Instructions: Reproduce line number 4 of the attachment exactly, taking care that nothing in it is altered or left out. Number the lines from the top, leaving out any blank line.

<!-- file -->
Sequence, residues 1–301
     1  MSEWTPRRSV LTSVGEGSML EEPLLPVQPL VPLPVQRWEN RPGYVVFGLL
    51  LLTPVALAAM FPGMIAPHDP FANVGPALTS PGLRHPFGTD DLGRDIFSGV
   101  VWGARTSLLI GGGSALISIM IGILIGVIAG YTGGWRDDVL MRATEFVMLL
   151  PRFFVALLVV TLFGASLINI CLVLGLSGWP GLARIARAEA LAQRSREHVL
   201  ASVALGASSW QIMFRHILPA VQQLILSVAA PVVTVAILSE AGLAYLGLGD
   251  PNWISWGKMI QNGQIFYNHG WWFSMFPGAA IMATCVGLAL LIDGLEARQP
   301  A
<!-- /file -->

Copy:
   101  VWGARTSLLI GGGSALISIM IGILIGVIAG YTGGWRDDVL MRATEFVMLL